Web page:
Using Javascript and “i18n” for Multi-language / Multi-country Drupal Websites

Internationalization, or “i18n” for short (because there are 18 characters between the “i” and the “n” in that lengthy word), is the process of designing a web application so that it can be adapted to various languages and world regions. CivicActions has had an opportunity to work on some localization projects using Drupal and i18n in recent years. We’ve learned a lot and want to share some of our tips about using JavaScript for string translation.

1. Loading up our JavaScript in a way that strings will be translatable

The most flexible way to do this is with drupal_add_js()1.  You don’t want to manually add script tags to the page template, or you could find that your JavaScript strings will not be translatable with Drupal.t() — see section below.

Use your template.php to load the JavaScript files if you want any kind of conditionality. For example you might want to load just some files onto just some pages. This way you can limit what you load to what you need.

In Drupal 6:
function saladtheme_preprocess_page(&$vars, $hook)

And in Drupal 7:
function saladtheme_preprocess_html(&$variables, $hook)
}Consider the order in which you load the JS files, as the files loaded first will appear first in the HTML head section2.

2. Drupal.t()

Now that we have our JS files loaded up correctly, we might might want to translate some of the strings that they contain.

If you add Drupal’s t() function to a php page, you can have the text translated into multiple languages, with each new text entry stored in the database, via a call to locale(); if the string has already been translated, then the translated version is returned.

In the case of Drupal.t(), from misc/drupal.js: Drupal.t() does not add the strings to the DB.  What it does do is replace, on the page, any previously translated strings, which can be found in the JavaScript object (Drupal.locale.strings), in a Drupal generated file (in the files directory, under directory languages, with the name of the current language).

But how does the JavaScript located string get inserted in the DB in the first place?  Well, it begins with drupal_add_js().  Each time a JS file is added with drupal_add_js(), its filepath is added to a static array called $javascript.  When drupal_get_js() builds up the JavaScript HTML output, it also calls locale_update_js_files(), which loads the complete $javascript array by an empty call to drupal_add_js(NULL, NULL, NULL).  _locale_parse_js_file() parses each of the files in the filepaths stored in $javascript and adds the new translatable strings to the DB, much like locale() does when t() calls it.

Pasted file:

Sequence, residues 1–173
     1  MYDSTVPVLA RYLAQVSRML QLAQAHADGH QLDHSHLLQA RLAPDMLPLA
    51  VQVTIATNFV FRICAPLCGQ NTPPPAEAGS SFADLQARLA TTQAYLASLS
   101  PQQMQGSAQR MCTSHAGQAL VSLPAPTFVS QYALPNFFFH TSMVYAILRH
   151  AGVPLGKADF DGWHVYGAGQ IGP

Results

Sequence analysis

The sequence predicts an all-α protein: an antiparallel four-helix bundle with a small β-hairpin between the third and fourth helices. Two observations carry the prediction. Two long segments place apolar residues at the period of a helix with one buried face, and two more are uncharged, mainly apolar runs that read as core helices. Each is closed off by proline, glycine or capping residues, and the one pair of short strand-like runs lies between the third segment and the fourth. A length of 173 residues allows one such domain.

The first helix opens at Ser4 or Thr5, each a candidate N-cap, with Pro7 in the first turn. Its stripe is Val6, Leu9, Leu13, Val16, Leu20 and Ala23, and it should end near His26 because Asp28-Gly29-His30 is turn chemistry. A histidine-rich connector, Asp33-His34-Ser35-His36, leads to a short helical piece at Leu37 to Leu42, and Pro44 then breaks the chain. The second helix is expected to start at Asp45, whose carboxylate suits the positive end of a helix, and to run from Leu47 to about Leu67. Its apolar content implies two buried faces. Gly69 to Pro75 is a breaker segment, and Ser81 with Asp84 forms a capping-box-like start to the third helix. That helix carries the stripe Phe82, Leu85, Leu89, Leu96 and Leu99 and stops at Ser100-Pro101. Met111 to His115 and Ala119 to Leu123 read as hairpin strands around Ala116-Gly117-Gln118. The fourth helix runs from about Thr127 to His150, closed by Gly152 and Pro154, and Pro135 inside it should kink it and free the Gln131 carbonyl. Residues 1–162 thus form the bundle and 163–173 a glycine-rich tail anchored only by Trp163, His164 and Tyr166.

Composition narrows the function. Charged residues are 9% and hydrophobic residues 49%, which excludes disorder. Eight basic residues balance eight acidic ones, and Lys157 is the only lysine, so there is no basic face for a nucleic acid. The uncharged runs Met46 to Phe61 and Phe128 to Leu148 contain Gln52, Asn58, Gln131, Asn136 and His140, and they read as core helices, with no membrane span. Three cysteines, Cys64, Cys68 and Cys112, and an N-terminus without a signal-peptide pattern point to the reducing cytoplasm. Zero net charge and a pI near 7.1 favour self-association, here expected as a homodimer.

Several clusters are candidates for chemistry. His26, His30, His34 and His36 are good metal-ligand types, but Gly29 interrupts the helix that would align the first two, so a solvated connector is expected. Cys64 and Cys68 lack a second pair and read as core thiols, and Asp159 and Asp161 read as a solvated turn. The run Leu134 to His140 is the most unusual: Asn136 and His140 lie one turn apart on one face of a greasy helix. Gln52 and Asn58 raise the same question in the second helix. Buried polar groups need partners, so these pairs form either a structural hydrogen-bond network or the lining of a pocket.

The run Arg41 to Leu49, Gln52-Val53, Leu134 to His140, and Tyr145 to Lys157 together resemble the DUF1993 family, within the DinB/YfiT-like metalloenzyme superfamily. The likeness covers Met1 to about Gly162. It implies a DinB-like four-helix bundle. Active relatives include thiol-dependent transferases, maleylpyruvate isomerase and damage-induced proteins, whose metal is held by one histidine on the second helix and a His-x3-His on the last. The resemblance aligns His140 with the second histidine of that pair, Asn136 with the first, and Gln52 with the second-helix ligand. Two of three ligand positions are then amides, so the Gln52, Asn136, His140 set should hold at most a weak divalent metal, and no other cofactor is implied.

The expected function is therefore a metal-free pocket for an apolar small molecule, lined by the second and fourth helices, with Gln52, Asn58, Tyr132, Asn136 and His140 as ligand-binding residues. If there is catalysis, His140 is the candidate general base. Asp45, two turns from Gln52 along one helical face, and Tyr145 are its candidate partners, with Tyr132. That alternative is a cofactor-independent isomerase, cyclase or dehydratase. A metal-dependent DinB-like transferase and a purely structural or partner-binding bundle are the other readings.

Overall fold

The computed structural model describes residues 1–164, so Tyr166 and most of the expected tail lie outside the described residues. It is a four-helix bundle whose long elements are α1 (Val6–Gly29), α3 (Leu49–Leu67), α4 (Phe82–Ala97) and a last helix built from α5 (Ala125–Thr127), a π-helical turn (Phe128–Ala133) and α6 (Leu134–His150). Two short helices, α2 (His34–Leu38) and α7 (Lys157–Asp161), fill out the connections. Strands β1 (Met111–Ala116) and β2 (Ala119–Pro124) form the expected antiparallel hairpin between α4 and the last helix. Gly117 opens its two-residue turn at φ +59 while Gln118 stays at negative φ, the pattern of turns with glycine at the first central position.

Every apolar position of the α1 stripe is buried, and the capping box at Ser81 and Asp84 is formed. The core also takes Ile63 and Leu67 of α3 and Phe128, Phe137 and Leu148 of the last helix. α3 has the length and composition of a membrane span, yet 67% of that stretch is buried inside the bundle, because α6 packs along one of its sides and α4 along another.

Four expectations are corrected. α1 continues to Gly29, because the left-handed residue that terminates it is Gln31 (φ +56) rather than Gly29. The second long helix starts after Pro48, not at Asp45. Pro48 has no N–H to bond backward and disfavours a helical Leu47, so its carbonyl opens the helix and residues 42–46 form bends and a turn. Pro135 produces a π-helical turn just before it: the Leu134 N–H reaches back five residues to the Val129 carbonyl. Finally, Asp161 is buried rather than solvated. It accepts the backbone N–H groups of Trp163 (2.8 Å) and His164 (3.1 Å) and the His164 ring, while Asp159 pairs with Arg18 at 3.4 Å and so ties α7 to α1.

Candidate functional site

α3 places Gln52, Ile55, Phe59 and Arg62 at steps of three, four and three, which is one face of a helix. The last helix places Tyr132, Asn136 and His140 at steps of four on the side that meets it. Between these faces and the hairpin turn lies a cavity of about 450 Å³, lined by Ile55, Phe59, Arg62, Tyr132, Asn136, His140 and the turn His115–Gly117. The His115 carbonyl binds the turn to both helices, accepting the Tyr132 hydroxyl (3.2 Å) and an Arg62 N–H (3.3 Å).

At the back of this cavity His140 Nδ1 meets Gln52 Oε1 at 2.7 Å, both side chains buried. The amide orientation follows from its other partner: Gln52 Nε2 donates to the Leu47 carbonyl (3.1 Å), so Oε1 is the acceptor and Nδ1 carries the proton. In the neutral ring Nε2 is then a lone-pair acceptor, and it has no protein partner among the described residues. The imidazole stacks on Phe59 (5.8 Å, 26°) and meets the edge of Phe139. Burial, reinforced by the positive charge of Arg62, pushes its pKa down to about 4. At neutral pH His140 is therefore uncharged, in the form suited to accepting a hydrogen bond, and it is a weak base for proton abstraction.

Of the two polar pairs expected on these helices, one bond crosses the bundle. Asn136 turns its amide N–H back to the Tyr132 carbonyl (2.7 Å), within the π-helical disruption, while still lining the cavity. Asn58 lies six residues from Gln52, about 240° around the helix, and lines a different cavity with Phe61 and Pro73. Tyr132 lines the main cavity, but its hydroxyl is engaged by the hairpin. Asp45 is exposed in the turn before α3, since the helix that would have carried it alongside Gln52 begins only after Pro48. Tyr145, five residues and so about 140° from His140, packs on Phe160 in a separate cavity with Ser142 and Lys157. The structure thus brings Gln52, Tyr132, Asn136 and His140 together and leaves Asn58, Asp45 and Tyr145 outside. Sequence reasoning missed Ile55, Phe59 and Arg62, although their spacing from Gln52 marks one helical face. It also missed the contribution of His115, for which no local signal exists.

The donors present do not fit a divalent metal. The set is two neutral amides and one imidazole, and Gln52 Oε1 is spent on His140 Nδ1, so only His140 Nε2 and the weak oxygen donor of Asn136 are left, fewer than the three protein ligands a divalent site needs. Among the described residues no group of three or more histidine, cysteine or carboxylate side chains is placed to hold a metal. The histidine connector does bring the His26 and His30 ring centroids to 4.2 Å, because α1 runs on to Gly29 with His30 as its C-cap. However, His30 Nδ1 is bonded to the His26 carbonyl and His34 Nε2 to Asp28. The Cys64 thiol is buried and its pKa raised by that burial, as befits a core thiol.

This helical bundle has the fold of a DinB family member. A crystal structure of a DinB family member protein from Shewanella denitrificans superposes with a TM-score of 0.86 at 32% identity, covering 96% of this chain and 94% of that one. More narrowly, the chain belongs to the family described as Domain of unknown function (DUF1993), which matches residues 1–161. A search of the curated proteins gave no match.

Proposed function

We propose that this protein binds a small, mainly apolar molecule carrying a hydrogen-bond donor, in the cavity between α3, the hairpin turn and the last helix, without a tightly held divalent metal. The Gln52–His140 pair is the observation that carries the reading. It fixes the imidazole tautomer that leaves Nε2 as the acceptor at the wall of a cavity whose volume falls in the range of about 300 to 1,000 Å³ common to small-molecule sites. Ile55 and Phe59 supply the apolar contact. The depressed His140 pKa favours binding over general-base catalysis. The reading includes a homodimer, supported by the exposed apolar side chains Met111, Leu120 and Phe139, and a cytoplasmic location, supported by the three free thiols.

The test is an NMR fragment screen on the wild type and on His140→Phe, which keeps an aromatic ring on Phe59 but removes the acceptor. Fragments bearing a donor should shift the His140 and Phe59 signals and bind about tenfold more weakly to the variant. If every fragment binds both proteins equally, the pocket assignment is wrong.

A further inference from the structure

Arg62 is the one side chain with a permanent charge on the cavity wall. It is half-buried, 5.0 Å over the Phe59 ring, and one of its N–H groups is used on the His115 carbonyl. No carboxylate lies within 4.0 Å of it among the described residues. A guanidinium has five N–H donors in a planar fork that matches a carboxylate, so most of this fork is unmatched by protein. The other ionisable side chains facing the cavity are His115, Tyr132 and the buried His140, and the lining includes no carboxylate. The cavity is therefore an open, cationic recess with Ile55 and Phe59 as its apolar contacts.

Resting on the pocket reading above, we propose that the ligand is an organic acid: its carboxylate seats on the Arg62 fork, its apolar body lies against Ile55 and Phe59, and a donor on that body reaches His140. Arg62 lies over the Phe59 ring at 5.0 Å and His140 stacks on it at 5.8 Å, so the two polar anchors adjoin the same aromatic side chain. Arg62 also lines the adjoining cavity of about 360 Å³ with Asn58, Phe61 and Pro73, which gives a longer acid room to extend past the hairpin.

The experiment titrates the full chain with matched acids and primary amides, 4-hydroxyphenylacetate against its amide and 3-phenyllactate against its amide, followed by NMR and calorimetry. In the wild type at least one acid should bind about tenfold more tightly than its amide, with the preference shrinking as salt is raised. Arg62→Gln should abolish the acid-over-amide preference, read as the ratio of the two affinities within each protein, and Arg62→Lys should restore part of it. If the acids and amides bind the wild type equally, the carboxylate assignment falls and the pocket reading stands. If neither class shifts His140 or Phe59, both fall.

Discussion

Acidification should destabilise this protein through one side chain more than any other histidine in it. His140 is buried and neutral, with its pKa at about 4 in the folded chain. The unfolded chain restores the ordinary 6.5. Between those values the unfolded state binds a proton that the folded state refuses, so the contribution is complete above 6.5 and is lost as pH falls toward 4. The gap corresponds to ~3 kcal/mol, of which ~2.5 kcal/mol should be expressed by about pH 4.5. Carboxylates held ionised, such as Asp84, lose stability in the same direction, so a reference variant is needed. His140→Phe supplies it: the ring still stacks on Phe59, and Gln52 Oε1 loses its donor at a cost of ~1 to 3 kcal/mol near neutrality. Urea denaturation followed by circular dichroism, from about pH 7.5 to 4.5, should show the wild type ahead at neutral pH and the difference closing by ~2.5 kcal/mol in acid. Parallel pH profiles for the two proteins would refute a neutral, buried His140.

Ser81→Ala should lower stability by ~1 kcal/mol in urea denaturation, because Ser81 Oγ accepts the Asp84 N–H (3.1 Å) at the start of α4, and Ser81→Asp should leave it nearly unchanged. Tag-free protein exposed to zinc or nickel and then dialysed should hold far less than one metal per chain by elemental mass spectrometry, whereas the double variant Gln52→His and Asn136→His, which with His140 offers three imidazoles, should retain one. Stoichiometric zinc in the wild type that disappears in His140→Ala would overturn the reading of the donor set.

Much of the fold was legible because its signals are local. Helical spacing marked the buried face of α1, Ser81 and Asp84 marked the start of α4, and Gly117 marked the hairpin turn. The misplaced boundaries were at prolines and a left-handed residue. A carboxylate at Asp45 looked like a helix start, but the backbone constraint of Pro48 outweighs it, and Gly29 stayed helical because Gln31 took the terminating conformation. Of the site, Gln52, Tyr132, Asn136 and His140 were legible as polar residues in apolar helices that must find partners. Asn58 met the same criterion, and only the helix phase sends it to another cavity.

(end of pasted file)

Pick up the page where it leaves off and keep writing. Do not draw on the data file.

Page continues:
As with t(), we can use replacement values in Drupal.t().  This shows a clear example.

On the other hand, one noticeable difference between t() and Drupal.t() is that Drupal.t() does not insert the run time value of variables into the database, which is something you can do with t().   We might add t($dynamic_variable); we can use variables when necessary, but it’s something to avoid in the case of user specified content, as Gábor Hojtsy points out.  My hunch is that  php variables don’t work with Drupal.t(), and locale_parse_js_file(), because the file is parsed as plain text.  There are work-arounds, however, such as using nodes to store the translations, and thus avoiding the use of Drupal.t().

We hope this helps you to get a better handle on using translatable strings in JavaScript.  We’re always learning more and would be curious to hear from others using Javascript for string translation.


  • If the JS file is loaded on every page, you can just use: scripts
    [] = js/script.js, in your
  • Drupal 7 allows you to set the weight in drupal_add_js(), which could come in useful if JS files, are getting loaded from other locations, such as modules.
2017-03-31T06:19:59+00:00 Categories: Drupal, How-To|Tags: , |

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About the Author:

Alex joined CivicActions as an Engineer in 2006. His well-honed aesthetic sensibility and his technical proficiency inform his work in equal measure, and he is one of the most skilled and practiced front-end developers on our team.

Alex’s command of a full suite of theming and configuration tools (JavaScript, SASS, Compass, HTML, PHP, Drupal, CiviCRM, Ruby on Rails) and his early grasp of responsive theming contribute a cross-functional breadth to his work with CivicActions. His mobile-friendly redesign of sites for the Brain and Behavior Research Foundation and Common Sense Media were two of our first projects to demonstrate the utility of responsive theming, and he has also contributed significantly to projects for Amnesty International, ASPCA, Greenpeace UK, Transparency International, Tesla Motors, and many others.

Before joining CivicActions, Alex worked as a front end developer for the London Aquarium and London County Hall. He was a graphic and web designer for Nexus Alpha (London), and leant technical support to British Telecom and News International.

Alex received a B.A. in Visual and Performing Arts from Brighton University, UK, and presently lives in Madrid. The grandson of renowned painter William Scott and the son of Academy-Award-winning filmmaker James Scott, Alex’s artistic sensibility runs deep in his blood. He’s found the role of the themer/engineer to be the perfect blend of his many core passions, though windsurfing, cooking, gardening, cycling, meditation, music, cinema and photography all get a decent share of his attention as well.